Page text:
The window above my bed spreads dust and plaster particles throughout the room, so I must clean again in the morning. Can you imagine having to clean a thick layer of fragmented cement off your books and clothes every morning? It’s a Godforsaken, horrible, Sisyphean task; I think of Sisyphus throughout my days and wonder: was he so foul as to deserve such a punishment? He exposed the foulness of a fornicating god, yet such foulness doesn’t matter; what matters is that no one dares to expose this. Thoughts on this tough punishment keep you distracted from the possibility of the window - and the wall containing it - collapsing on top of you.
Did you know that in this moment, the wall is gradually collapsing? Of course, you do, but you can only think of the morning and the new task of cleaning off the dust that awaits – to clean the dust and only dust is a blessed luxury at a time where blood pools fill up the morning.
The bombing has worsened, and the window is now violently shaking; now it opens: the narrative has turned serious, then. My hair is tied back with a rubber band, my face bare except for a trace of waterproof eyeliner, and I’m wearing fuchsia pyjamas. I hate that colour.
I stand up hurriedly and light a thin, strange-looking candle on a saucer. Its wick burns before the candle burns out, and then it disappears without any trace, evaporating into thin air, leaving behind a clean saucer save for a small black mark. What are these strange candles? Well, they fit the purpose and the price you paid for them.
The noise outside is less terrifying than the calm inside, but that doesn’t matter now. I loosen the rubber band, and let my hair down. It’s hard to fix my hair after a whole day of keeping it tied up. It’s stubborn, like me: I brush it and cover it in oils, sprays and small pins, and it doesn’t look too bad now given my limited means.
I draw kohl around my eyes, detect an annoying spot on my cheek, lengthen my eyelashes with mascara. I look more beautiful now. And now, the most important step: perfume. There is nothing worse than a woman without her own perfume scent. I spray myself generously.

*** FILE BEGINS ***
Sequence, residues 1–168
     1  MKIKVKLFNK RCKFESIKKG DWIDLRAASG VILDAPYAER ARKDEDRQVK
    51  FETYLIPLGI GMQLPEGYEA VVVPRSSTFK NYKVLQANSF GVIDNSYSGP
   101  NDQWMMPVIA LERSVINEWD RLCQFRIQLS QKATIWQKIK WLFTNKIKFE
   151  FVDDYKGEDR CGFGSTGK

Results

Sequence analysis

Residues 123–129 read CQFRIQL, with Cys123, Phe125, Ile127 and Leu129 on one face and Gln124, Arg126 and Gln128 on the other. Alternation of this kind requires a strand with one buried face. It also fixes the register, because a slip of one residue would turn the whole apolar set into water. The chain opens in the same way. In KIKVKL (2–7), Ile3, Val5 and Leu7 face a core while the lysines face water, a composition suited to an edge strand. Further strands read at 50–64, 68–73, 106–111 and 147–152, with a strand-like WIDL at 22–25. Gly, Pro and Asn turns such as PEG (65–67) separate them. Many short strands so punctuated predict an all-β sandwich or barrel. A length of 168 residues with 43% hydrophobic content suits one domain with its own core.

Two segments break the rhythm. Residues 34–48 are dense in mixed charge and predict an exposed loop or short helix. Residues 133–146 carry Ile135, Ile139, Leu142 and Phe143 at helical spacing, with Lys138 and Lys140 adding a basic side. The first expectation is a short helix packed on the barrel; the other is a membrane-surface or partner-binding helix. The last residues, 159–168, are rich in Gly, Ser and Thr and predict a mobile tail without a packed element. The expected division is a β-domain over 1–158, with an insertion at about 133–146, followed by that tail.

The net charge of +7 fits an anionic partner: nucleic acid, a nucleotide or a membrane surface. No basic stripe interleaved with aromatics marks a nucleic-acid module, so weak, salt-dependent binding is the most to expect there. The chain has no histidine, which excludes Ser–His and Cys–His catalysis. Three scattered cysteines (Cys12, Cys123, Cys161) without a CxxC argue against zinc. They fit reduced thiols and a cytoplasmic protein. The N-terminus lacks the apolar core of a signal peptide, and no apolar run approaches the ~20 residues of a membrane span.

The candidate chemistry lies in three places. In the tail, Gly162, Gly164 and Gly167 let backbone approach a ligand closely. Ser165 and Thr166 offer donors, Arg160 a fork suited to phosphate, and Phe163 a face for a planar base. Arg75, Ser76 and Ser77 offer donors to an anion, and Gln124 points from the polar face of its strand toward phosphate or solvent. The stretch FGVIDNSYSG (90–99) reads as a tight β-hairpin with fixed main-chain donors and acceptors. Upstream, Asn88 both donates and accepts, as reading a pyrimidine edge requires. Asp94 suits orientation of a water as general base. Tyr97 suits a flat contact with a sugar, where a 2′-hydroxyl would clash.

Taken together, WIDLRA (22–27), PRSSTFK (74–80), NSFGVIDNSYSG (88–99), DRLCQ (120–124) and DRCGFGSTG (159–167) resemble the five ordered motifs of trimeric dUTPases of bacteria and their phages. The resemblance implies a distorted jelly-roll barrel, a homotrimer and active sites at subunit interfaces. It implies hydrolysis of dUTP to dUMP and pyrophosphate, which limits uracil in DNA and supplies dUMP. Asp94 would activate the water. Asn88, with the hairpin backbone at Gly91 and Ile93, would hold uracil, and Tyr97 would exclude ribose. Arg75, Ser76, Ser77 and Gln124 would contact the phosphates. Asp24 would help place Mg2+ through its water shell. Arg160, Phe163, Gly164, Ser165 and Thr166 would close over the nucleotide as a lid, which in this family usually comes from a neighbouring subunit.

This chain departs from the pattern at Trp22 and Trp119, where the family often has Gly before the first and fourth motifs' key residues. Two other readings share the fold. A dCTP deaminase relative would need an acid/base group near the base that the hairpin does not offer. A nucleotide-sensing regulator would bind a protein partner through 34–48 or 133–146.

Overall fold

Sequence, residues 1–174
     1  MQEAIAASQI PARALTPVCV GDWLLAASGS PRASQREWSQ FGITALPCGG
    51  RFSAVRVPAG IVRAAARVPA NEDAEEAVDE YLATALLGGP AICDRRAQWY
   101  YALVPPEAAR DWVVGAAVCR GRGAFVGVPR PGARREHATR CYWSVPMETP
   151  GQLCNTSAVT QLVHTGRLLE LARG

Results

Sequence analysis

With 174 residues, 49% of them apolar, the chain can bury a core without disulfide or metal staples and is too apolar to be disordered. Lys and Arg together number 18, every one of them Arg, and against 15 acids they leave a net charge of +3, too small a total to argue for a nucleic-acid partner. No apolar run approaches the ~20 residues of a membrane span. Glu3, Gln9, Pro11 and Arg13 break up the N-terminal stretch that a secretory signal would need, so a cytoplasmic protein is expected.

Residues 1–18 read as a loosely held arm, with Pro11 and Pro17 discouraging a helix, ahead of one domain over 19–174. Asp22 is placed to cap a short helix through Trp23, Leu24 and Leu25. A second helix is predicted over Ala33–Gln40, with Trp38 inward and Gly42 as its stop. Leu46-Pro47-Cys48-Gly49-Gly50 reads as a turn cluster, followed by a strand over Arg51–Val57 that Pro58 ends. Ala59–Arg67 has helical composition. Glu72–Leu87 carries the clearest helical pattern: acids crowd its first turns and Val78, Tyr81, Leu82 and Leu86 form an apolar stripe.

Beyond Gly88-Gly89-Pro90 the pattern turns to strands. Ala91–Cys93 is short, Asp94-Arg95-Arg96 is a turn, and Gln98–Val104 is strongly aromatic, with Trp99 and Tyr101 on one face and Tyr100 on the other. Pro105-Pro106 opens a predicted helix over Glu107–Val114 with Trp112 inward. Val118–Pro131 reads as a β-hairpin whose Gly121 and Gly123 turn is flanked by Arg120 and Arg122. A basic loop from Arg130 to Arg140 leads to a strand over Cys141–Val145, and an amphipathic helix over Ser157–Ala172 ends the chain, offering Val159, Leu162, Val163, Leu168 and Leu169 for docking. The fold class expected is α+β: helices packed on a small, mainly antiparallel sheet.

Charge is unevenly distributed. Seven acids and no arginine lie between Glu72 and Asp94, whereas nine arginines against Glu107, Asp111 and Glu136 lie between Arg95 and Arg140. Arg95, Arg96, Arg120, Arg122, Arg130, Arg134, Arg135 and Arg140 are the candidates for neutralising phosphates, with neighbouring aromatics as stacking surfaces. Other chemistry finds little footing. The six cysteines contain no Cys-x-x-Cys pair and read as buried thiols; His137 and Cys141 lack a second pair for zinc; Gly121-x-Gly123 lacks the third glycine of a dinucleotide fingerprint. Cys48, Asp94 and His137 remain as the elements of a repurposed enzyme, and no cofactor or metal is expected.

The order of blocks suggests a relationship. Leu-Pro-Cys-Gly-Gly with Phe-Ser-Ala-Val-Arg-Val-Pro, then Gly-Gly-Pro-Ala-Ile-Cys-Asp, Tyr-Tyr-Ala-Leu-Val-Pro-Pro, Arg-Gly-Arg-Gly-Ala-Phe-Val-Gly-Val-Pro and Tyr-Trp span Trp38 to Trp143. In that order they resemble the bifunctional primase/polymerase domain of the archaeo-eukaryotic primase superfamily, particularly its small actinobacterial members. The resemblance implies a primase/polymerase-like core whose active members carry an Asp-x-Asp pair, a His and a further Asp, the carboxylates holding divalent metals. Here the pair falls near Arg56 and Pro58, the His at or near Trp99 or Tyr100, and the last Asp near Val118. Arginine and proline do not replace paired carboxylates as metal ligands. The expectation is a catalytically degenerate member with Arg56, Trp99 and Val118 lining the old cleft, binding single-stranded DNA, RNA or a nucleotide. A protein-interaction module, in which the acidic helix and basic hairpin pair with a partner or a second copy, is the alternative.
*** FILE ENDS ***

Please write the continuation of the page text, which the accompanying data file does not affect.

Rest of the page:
I pull on a navy sweater and get back into bed after I’ve made sure that the nail polish on my toenails is completely dry. The good thing about this cold weather is it dries nail polish quickly; it’s dried the blood in my veins, why shouldn’t the polish dry? It will.
All this isn’t normal stupidity, as it doesn’t end in a long bout of crying. I went back to my bed and read another chapter. I thought about existential questions – not questions related to existentialism in general but to my existence in this moment, under this shaking window in this bleak spot of the world where fighters don’t sleep or freeze. I cursed the dust and the smell of gunpowder, and then I slept.
What truly terrifies me is that I would die at this hour. It’s not death itself that terrifies me, but the complete opposite: what terrifies me is that I don’t dissolve after my death, and that I would remain eternally in my fuchsia pyjamas and traces of waterproof kohl.
I’m scared of remaining with my hair tied back with a rubber band; the idea of an eternal headache terrifies me. I couldn’t stay forever a ghost without perfume and perfect nail polish, at least on my feet – the nails on my hand are a whole other story.
It’s enough for me to think that my ghost will roam the corridors of this house that I hate. At the very least one of the children will find me in my navy-blue sweater and my neat, cascading waves – as neat as could be given my limited means. The child will smell my perfume scent clearly and won’t be distracted by the traces of my waterproof kohl or ugly fuchsia sweater.
I will give him many butterfly kisses with my long lashes. This child will love me, and I won’t tell him about the war. I’ll read to him the first chapters of The Time of White Horses, and he will love it. This child will love me.
In the morning, I will wake up, so we haven’t died then. My God, why do these stupid birds have such a strange ability to sing? They taught us in school that birds migrate in the winter - migrate then! Could anyone even think of leaving this country without visa or trouble? Migrate, please, and leave me to sleep another hour! They won’t leave, they sing tirelessly, as if what happened last night was a calm recital of winter in the Four Seasons, as if the remnants of fighting outside don’t concern them. I hate birds.
I wash my face with frozen water. They say it tightens large pores; it tightens my heart; not just my skin’s pores. I clean up the dust and shreds of cement. The size of the shreds shows the force of the fighting outside; it was moderate.
I pull off the cover from the mattress: it looks like a pitiful surreal painting: sleeping with a fully made up face isn’t a wise choice; the makeup stains extend beyond the cover to the mattress, which is also stained with kohl and mascara. I wash the mattress, I can’t throw it out; it’s the only one I can sleep on. It’s delicate and kind to the back of my neck, its colour doesn’t matter now.
‘I love you, and may God bless that smile; it liberates prisoners and motivates rebels.’ My phone flirts with me every morning, distracting me from those annoying, energetic birds. I really hate birds.
Here, you condole yourself by thinking of Dostoyevsky’s hell and the forty years he spent on hard labour. Don’t fool yourself, you’re not Dostoyevsky: this suffering consumes you, and you won’t suddenly vomit a great person out of your wreckage. You’re miserable, that’s a fact. And now what?
Now begins another day in the days of war. It’s not a new day; there’s nothing new about war, even if the suffering changes.
This piece was first published in Arabic on 13 September 2017.